According to the program’s latest medical data, more than 70 percent of patients who are surgically treated there for epilepsy-related seizures are no longer affected by them after the treatment ends . . . and more than 90 percent of patients who are treated with medications alone will experience a significant reduction in the intensity of their seizures.
In June of 2012, Jacob and Laurie Erpenbeck arrived at DMC Harper Hospital for a consultation with Aashit K. Shah, M.D., a veteran neurologist in the Comprehensive Epilepsy Program. Dr. Shah, who has treated thousands of epilepsy patients during a 22-year career at Harper, immediately begun conducting a series of high-tech brain-function tests designed to locate the source of the seizures.
“Jacob’s particular brain physiology was very challenging,” Dr. Shah would remember later, “and it took us several months to conduct the highly complex monitoring tests that finally allowed us to pinpoint the area of the brain where the seizures were originating.”
Once that key location in the right temporal lobe of the brain had been identified, Dr. Shah turned the patient over to Sandeep Mittal, M.D., a skilled neurosurgeon who specializes in conducting surgical procedures aimed at removing the offending brain tissue in which the electrical disorder originates.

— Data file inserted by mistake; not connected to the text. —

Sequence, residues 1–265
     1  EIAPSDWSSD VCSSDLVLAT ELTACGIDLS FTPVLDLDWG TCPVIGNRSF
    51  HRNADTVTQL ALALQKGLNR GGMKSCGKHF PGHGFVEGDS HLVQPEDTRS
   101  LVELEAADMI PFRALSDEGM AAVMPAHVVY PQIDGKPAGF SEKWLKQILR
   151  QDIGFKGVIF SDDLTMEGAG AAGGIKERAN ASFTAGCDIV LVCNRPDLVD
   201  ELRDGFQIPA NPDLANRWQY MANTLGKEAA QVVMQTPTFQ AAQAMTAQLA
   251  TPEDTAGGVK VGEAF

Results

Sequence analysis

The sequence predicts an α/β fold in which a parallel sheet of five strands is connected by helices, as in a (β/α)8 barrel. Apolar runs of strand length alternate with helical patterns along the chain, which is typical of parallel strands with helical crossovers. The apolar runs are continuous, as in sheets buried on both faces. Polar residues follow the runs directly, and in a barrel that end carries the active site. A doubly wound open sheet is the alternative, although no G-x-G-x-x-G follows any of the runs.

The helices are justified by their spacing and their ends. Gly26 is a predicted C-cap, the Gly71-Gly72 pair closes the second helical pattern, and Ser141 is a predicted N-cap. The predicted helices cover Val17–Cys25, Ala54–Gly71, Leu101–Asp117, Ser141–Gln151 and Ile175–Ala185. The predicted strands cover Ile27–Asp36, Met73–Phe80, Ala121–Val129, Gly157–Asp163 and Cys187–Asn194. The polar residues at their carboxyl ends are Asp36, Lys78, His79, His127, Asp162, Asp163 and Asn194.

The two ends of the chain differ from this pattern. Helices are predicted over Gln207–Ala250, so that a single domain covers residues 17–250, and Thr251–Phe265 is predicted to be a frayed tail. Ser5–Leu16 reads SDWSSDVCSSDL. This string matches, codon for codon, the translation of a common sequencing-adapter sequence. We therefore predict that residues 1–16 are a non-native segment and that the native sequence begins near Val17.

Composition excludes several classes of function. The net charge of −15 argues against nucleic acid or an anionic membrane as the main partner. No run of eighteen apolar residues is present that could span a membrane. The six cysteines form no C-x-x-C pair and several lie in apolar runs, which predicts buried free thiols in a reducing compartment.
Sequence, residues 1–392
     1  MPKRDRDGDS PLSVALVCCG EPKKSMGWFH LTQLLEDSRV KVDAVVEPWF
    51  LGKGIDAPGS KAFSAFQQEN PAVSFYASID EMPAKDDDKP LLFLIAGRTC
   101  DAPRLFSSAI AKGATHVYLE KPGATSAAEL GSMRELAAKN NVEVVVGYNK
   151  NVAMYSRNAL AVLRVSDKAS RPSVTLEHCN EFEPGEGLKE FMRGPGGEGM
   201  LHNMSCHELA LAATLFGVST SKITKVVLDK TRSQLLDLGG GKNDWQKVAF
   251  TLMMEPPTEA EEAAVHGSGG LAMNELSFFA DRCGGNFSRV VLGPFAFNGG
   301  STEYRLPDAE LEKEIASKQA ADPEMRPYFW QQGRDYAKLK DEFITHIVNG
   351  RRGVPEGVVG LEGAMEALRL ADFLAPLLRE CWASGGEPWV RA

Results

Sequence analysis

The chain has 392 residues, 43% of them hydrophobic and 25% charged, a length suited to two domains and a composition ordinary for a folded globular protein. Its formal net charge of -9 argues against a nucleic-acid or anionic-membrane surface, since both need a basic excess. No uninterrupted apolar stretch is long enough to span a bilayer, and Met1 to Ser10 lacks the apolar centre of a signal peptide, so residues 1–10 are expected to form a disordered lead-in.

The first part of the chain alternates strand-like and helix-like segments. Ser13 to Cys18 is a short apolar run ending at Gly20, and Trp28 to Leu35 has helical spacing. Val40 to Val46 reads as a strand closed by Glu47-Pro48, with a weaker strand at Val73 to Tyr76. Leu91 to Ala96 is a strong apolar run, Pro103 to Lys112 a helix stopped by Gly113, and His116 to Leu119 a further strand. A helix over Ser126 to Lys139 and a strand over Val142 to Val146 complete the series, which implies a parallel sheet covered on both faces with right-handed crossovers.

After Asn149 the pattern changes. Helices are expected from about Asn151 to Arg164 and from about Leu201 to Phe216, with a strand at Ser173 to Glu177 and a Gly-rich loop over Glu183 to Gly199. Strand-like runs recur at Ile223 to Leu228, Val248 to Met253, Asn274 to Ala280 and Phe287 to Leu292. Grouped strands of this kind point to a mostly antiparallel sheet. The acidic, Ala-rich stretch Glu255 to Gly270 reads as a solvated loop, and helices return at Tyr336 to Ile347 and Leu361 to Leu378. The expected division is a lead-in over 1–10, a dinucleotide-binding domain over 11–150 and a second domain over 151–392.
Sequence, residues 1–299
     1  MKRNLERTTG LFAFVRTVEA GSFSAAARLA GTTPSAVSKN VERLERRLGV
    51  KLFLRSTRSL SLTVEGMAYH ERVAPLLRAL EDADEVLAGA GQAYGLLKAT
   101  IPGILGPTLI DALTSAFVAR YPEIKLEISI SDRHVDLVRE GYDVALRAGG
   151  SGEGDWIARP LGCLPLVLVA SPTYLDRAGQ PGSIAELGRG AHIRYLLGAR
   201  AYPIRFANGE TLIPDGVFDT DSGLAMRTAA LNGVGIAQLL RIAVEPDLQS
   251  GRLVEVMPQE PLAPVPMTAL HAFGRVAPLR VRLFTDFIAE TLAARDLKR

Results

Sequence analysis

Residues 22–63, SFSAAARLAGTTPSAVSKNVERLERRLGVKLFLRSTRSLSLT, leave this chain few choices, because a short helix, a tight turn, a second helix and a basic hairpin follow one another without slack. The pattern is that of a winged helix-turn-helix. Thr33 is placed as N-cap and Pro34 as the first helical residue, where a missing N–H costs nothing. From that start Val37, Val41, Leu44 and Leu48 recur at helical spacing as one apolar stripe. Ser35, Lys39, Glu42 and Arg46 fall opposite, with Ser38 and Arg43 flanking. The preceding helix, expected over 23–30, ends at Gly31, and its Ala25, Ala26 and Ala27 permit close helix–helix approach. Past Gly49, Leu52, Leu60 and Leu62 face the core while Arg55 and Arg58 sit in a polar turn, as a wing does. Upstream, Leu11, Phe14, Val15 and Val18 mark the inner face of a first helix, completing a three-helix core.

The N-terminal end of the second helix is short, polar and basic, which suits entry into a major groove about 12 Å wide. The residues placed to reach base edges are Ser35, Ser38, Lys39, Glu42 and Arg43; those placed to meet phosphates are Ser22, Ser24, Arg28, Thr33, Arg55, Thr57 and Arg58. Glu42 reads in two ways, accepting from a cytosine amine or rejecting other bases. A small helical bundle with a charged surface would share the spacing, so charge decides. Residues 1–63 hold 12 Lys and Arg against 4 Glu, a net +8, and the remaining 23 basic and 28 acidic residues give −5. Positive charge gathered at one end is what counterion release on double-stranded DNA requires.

After many hours of consultation with Dr. Shah and other members of the Harper CEP team, Dr. Mittal recommended a surgical “resection” (or removal) of the seizure-triggering tissue. The operation was performed in early January of 2013, and Erpenbeck sailed through it without any problems. He was discharged home after a few days in the hospital. Within three months, he was feeling like himself again – except for one major change.
The seizures were gone. Completely.
And he hasn’t had one since.
“My mental functioning is as good as ever,” he said the other day from his home in Sterling Heights. “I’m driving again, and I’m back at work at Ford Motor. All of this could have gone a very different way – but Laurie and I had faith in Dr. Shah and Dr. Mittal. They’re terrific doctors, of course, but they also became our friends. They laughed with us, and they kept us calm throughout the entire process – just a fantastic bedside manner.”
Added Laurie Erpenbeck, who works as a technician at an ophthalmologist’s office in the Detroit area and who was at her husband’s side throughout the ordeal: “Jacob’s epileptic seizures were really challenging – it sucked! But his recovery has been remarkable. We feel like his life has been restored and I have only one word for that: Awesome!”
And the two Harper physicians?
While Dr. Shah sang the praises of the “entire medical team” at Harper CEP and pointed out that it remains “unsurpassed in Michigan” for its quality of care and its wide array of diagnostic and treatment procedures for epilepsy patients, his friend Dr. Mittal waxed a bit more emotional.
“It’s pretty gratifying when you see a patient who’s virtually disabled emerge from treatment without any more seizures or with seizures that are greatly reduced,” he said. “For a physician, it just doesn’t get any better than that.”